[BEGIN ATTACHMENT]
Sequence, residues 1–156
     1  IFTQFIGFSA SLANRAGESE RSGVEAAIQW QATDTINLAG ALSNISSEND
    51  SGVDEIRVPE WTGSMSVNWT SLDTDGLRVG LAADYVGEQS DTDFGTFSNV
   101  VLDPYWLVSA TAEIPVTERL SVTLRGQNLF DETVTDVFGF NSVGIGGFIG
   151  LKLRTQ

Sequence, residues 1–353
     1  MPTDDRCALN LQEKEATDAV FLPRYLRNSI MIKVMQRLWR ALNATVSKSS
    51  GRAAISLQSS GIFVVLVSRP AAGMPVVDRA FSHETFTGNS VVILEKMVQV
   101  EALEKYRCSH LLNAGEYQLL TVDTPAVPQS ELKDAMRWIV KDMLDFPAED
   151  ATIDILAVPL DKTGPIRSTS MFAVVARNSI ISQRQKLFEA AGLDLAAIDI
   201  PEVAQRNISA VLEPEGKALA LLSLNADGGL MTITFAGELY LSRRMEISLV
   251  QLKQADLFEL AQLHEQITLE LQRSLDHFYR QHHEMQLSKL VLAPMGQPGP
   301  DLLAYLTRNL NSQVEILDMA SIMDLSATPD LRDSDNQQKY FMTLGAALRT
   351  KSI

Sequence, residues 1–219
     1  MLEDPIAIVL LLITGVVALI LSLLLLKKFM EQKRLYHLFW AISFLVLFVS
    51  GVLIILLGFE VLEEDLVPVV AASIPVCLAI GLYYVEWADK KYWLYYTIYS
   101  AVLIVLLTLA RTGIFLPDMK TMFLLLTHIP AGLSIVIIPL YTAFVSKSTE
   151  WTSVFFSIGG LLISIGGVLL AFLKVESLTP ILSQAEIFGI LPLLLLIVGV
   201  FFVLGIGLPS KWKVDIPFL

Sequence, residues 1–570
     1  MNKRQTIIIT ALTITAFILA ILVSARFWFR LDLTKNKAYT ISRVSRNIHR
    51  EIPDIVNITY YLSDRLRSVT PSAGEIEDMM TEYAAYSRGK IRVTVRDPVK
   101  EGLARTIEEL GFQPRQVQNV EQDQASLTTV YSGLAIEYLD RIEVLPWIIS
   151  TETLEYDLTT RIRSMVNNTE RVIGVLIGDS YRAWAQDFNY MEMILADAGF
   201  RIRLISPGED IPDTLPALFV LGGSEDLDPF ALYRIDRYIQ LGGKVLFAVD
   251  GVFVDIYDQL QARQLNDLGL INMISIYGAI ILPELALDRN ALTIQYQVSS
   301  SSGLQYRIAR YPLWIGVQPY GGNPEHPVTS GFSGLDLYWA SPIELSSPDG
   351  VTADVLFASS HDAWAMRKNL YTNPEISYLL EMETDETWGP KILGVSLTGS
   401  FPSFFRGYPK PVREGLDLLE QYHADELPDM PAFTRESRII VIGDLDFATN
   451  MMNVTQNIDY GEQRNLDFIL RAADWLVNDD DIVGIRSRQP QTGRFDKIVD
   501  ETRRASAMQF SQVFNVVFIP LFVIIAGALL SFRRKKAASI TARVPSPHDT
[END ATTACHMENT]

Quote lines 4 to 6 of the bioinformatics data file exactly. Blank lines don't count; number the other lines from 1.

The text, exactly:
   101  VLDPYWLVSA TAEIPVTERL SVTLRGQNLF DETVTDVFGF NSVGIGGFIG
   151  LKLRTQ

Sequence, residues 1–353